Textile Fibre Overview with links
Jute fibre is the name given to the tissue found to certain plants, which grow principally in India, and the East Indian Islands. The common jute comes mainly from Bengal, the province east of India, where it was first known to science around
Natural fibres are any hair-like raw material directly obtainable through an animal, vegetable, or mineral source that can be convertible, after spinning, into yarns and then into woven cloth.
Hopsacking is a course, open, basket-weave fabric. The name comes from the plain-weave hemp and jute fibre for sacking in which hops gathered. Made from cotton, wool, linen, rayon, silk, hemp, or jute, it has a somewhat rough texture and is quite durable and often bulky.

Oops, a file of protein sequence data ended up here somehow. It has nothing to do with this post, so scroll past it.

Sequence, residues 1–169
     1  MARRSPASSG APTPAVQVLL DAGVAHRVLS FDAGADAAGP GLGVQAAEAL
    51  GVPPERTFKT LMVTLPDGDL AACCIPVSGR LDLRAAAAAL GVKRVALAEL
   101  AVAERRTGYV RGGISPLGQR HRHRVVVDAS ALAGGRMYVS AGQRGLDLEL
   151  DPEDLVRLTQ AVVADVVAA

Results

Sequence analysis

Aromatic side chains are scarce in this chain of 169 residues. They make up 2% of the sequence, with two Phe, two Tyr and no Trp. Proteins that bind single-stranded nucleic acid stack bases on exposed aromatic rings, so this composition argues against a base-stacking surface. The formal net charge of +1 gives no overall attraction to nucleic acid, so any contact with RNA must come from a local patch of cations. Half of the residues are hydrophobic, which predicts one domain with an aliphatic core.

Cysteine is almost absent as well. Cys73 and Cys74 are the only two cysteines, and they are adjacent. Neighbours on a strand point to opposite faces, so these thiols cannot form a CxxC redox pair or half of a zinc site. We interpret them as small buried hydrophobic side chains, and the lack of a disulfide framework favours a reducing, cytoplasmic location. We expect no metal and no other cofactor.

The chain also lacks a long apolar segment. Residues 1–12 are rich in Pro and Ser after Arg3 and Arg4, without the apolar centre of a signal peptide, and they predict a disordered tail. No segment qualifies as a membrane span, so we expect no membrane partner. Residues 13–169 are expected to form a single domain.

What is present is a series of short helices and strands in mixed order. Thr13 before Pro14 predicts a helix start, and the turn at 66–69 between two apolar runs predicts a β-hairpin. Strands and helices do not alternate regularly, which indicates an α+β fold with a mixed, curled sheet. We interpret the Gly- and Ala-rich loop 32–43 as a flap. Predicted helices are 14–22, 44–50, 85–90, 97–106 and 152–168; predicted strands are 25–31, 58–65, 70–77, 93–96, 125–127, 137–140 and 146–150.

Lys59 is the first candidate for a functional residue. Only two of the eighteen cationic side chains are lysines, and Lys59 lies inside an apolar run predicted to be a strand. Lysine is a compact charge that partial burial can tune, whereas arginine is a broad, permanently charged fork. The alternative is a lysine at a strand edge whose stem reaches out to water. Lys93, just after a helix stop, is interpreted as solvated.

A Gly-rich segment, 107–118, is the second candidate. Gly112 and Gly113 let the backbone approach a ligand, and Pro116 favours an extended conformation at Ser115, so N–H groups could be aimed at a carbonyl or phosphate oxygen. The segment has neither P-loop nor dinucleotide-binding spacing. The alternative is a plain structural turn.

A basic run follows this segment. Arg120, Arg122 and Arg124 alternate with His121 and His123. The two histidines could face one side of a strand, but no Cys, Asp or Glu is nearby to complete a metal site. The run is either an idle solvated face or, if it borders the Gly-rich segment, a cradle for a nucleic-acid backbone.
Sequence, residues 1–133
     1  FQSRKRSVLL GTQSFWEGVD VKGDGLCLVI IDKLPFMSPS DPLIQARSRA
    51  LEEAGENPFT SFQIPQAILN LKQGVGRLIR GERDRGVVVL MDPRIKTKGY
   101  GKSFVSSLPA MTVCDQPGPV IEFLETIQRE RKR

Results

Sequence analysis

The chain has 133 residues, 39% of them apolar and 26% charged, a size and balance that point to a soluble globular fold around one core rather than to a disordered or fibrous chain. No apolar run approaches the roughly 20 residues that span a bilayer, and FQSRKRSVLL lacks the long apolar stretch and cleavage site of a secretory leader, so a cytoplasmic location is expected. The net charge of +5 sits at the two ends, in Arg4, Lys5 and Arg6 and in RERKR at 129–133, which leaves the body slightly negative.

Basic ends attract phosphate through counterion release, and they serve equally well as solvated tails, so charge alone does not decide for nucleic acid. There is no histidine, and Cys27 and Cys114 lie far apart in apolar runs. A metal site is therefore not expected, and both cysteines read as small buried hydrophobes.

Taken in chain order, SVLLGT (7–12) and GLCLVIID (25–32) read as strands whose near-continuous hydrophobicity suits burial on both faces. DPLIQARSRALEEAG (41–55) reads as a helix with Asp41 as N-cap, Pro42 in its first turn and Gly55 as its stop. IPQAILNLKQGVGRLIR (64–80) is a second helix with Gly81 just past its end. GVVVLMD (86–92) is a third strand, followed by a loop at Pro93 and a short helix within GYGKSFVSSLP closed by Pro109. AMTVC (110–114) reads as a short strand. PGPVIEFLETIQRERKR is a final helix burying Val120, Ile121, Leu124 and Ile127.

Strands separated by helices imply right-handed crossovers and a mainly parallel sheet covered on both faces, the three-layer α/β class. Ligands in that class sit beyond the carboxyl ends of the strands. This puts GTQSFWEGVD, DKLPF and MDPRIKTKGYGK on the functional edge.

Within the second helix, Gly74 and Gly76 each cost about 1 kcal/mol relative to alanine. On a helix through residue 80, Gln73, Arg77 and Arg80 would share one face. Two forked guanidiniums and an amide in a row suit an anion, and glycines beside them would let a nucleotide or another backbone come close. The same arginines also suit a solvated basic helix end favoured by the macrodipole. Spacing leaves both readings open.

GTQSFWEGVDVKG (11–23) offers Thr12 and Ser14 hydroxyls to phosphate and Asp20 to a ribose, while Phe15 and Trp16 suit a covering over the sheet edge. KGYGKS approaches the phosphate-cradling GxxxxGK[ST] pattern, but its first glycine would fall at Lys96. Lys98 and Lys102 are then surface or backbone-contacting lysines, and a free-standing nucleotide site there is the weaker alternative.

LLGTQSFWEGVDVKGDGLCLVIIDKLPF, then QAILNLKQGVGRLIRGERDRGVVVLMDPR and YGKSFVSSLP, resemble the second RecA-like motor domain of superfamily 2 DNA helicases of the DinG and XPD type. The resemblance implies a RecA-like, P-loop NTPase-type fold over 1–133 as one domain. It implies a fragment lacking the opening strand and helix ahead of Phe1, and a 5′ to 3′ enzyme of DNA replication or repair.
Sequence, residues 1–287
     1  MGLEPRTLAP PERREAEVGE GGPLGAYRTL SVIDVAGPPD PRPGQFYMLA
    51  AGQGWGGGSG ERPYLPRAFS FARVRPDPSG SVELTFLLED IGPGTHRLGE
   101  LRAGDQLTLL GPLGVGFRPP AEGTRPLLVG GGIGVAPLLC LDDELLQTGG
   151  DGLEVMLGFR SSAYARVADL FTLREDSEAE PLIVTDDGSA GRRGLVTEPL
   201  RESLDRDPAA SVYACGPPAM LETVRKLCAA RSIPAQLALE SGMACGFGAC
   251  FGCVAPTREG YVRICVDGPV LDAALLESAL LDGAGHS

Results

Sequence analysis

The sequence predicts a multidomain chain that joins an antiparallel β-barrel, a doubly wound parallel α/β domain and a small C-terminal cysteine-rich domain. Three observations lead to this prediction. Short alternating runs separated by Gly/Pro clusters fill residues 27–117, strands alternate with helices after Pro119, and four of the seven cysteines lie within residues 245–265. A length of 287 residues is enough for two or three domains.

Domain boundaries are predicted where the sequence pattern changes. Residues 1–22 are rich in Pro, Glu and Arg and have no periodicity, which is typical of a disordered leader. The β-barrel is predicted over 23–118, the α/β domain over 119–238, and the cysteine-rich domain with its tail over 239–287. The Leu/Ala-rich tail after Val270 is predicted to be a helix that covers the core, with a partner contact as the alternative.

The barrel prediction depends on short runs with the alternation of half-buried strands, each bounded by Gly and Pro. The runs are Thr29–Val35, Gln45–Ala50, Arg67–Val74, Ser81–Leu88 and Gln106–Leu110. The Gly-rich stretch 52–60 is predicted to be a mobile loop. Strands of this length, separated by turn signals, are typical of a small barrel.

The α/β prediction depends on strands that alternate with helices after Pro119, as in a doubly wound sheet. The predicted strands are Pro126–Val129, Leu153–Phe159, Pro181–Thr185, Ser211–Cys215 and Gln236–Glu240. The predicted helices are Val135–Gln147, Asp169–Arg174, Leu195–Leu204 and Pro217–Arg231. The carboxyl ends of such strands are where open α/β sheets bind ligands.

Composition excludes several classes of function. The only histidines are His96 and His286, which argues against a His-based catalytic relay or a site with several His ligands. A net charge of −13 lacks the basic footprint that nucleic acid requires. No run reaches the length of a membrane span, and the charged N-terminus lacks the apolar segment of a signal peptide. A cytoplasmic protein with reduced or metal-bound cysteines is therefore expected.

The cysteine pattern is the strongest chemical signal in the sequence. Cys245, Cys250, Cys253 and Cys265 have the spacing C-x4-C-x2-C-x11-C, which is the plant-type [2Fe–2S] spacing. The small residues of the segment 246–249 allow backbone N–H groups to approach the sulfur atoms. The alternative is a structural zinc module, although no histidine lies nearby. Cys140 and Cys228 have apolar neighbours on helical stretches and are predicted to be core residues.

Biopolymer is a term used to describe an organic compound of high molecular-weight.
Fibres are elongated cells with pitted cell walls. Found in water-conducting tissue, xylem (transport tissue in vascular plants ) and food-conducting tissue, phloem (living tissue carries organic nutrients), along leaf veins and margins, and surrounding vascular bundles in stems.